In noting the importance of the rights to freedom of assembly and expression, the Court stated that States may not impose “unreasonable indirect restrictions” on the enjoyment of the right and that there must be “convincing and compelling reasons to justify an interference with this right” [para. 48]. It also identified that the right not to be discriminated against also obliges States to “make necessary distinctions between persons or groups whose circumstances are relevantly and significantly different” and referred to Identoba v. Georgia where the Court had held that the State had “violated its obligations under the principle of non-discrimination due to the failure to protect demonstrators from homophobic violence and to launch an effective investigation” [para. 49].
The Court distinguished the present case from the case of Alekzeyev v. Russia, noting that the authorities had not banned the Coming Out Day public meeting and had deployed a significant number of police officers. However, it noted that the police officers took no action against the counter-demonstrators and that this inaction meant that the Coming Out Day participants were not able to find space to demonstrate. It identified this as the police failing to de-escalate the tension between the demonstrators and counter-demonstrators and characterized the police approach as “concerned only with the protection of public order during the event”, noting that the police had not deemed it necessary to take positive steps to “facilitate the meeting” [para. 53].
In stressing that demonstrations may “annoy or give offence to persons opposed to the ideas of claims it is seeking to promote” the Court described itself as “unsatisfied” with the authorities’ approach to the Coming Out Day meeting [para. 54]. The Court noted the particular vulnerability of the participants as they constitute a minority and that, therefore, the State’s positive obligations to ensure the enjoyment of the right were “of paramount importance” [para. 55]. It examined the context of the demonstration and that the Coming Out Day participants “held views that were unpopular in Russia and therefore were vulnerable to victimisation” [para. 55]. The Court noted that the authorities had been aware of the insulting and “homophobic connotation” of the counter-demonstrators’ actions but had not addressed this.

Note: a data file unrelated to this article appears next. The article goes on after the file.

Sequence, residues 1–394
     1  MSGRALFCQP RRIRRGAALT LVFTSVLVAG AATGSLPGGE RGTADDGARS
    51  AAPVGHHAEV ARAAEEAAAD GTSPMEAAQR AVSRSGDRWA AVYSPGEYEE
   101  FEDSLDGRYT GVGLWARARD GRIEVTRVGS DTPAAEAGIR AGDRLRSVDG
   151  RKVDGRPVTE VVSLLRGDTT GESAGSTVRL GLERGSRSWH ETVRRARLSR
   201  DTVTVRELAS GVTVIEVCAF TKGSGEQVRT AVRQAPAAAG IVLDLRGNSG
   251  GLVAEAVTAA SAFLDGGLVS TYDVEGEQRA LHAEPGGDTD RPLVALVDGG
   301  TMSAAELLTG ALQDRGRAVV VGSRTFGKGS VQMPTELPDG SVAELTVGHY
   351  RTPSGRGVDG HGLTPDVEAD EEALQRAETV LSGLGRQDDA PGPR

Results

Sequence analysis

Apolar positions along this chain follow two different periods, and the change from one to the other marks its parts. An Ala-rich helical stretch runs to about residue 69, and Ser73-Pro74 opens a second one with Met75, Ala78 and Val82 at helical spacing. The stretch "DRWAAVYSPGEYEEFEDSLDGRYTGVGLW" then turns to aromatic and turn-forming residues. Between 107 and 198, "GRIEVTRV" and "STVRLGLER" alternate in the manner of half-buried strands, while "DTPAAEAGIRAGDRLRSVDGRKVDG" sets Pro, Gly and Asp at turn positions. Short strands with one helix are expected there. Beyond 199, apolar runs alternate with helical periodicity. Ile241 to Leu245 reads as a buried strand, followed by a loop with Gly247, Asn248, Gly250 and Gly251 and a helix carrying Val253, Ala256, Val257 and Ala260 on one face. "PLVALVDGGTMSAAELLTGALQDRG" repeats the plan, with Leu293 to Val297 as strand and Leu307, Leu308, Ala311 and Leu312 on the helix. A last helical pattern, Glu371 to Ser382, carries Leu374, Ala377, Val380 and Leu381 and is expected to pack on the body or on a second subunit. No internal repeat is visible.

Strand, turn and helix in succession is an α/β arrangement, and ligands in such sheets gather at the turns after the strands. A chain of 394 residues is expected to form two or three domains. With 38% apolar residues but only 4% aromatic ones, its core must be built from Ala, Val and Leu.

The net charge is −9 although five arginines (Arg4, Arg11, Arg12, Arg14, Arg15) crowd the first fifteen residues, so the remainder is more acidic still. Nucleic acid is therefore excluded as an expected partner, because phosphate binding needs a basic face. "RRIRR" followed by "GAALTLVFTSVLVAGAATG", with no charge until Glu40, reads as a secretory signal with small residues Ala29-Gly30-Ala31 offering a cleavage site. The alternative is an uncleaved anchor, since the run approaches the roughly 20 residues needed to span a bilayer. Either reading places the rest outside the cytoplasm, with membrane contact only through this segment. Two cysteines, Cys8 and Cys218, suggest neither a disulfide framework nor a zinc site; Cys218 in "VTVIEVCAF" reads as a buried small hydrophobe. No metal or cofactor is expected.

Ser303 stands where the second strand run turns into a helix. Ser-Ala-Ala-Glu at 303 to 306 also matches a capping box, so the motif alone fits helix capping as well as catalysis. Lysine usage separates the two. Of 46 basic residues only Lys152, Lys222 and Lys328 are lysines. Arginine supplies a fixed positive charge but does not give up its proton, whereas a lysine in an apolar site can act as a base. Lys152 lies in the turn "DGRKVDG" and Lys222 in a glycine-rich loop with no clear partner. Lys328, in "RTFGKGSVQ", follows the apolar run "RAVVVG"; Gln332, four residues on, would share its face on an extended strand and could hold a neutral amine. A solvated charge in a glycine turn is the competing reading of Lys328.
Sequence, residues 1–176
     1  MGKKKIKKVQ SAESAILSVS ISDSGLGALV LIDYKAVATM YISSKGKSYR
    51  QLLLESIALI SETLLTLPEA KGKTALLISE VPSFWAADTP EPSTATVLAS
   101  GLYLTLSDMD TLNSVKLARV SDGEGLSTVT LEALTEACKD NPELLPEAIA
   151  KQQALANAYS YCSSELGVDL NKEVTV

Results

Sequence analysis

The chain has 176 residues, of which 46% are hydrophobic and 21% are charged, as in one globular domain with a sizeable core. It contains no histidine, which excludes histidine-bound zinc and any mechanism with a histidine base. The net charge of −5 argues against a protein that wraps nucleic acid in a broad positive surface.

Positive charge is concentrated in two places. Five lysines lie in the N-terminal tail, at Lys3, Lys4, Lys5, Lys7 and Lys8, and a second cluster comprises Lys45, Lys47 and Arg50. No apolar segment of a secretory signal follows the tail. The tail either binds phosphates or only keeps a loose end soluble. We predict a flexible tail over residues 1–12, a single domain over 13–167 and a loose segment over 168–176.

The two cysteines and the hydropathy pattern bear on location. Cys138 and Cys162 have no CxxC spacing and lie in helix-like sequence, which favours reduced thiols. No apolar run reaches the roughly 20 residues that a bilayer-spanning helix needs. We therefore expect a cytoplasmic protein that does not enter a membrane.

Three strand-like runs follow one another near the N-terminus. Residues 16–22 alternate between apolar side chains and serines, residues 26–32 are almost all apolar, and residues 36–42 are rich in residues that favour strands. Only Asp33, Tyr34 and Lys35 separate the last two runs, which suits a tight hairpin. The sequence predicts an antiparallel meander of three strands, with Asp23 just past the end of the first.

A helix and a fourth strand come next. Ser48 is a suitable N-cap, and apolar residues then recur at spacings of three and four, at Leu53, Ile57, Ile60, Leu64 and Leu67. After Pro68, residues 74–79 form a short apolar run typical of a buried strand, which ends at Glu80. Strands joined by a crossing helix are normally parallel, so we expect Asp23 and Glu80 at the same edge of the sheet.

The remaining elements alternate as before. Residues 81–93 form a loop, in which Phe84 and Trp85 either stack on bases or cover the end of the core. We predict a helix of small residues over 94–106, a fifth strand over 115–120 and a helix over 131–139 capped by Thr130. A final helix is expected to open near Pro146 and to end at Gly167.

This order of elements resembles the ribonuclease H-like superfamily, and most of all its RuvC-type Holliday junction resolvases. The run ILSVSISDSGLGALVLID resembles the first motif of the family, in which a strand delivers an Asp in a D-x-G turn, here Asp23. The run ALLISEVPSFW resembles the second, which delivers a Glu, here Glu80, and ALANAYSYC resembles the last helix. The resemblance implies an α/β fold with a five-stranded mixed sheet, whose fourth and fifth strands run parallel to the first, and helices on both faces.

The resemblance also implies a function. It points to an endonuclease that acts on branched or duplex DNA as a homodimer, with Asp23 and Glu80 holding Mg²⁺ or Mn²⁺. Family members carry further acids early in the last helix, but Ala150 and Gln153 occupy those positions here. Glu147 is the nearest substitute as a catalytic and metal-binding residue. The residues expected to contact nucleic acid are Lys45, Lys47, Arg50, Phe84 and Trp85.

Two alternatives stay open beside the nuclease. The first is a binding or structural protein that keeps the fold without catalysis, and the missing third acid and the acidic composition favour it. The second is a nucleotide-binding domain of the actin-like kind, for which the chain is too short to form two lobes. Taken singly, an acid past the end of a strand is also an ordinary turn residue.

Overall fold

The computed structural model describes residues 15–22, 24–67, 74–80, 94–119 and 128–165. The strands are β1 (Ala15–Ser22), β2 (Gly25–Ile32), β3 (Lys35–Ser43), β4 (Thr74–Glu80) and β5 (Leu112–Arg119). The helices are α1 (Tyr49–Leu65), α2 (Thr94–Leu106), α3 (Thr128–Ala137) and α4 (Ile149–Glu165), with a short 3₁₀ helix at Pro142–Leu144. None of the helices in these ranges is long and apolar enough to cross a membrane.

Accordingly, the Court held that the Russian authorities had “failed to duly facilitate the conduct of the planned event by restraining homophobic verbal attacks and physical pressure” which resulted in the Coming Out Day participants became “victims of homophobic attacks which the authorities did not prevent or adequately manage” [para. 57]. The Court rejected the Government’s argument that Berkman’s arrest was necessary, and highlighted the peaceful nature of Berkman’s conduct.
The Court held that the right to freedom of assembly under Article 11 had been infringed, and that the Russian State had not given effect to its positive and negative obligations under that article. It found that it was not obvious that the authorities arrested only those participants attending the Coming Out Day event and so there was no infringement of the right to equality under Article 14. The Court ordered the Government to pay Berkman 10 000 Euros in damages.
Decision Direction indicates whether the decision expands or contracts expression based on an analysis of the case.
The Court’s emphasis on the need to offer particular protection to minorities who may face victimization when exercising their rights to freedom of expression or assembly provided strong support for the rights of LGBTI activists in Russia.